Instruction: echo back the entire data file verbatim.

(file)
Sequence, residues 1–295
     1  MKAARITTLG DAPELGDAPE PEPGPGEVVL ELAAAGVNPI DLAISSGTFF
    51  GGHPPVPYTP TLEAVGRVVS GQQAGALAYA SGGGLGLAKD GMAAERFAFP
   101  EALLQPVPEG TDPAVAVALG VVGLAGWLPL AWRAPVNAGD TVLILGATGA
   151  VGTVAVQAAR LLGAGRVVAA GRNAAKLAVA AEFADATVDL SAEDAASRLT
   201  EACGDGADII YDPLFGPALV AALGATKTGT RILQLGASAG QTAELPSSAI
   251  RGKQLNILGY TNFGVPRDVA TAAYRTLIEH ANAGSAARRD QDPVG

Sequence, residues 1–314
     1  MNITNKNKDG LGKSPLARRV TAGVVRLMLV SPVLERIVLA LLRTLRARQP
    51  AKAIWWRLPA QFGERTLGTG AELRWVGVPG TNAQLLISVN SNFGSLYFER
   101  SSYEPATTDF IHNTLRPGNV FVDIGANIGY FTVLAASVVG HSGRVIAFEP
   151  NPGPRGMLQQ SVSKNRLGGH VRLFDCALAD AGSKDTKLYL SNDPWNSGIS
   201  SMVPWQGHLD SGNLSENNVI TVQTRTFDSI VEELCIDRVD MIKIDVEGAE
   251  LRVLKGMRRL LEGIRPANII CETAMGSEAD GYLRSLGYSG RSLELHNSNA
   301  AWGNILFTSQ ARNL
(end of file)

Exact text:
Sequence, residues 1–295
     1  MKAARITTLG DAPELGDAPE PEPGPGEVVL ELAAAGVNPI DLAISSGTFF
    51  GGHPPVPYTP TLEAVGRVVS GQQAGALAYA SGGGLGLAKD GMAAERFAFP
   101  EALLQPVPEG TDPAVAVALG VVGLAGWLPL AWRAPVNAGD TVLILGATGA
   151  VGTVAVQAAR LLGAGRVVAA GRNAAKLAVA AEFADATVDL SAEDAASRLT
   201  EACGDGADII YDPLFGPALV AALGATKTGT RILQLGASAG QTAELPSSAI
   251  RGKQLNILGY TNFGVPRDVA TAAYRTLIEH ANAGSAARRD QDPVG

Sequence, residues 1–314
     1  MNITNKNKDG LGKSPLARRV TAGVVRLMLV SPVLERIVLA LLRTLRARQP
    51  AKAIWWRLPA QFGERTLGTG AELRWVGVPG TNAQLLISVN SNFGSLYFER
   101  SSYEPATTDF IHNTLRPGNV FVDIGANIGY FTVLAASVVG HSGRVIAFEP
   151  NPGPRGMLQQ SVSKNRLGGH VRLFDCALAD AGSKDTKLYL SNDPWNSGIS
   201  SMVPWQGHLD SGNLSENNVI TVQTRTFDSI VEELCIDRVD MIKIDVEGAE
   251  LRVLKGMRRL LEGIRPANII CETAMGSEAD GYLRSLGYSG RSLELHNSNA
   301  AWGNILFTSQ ARNL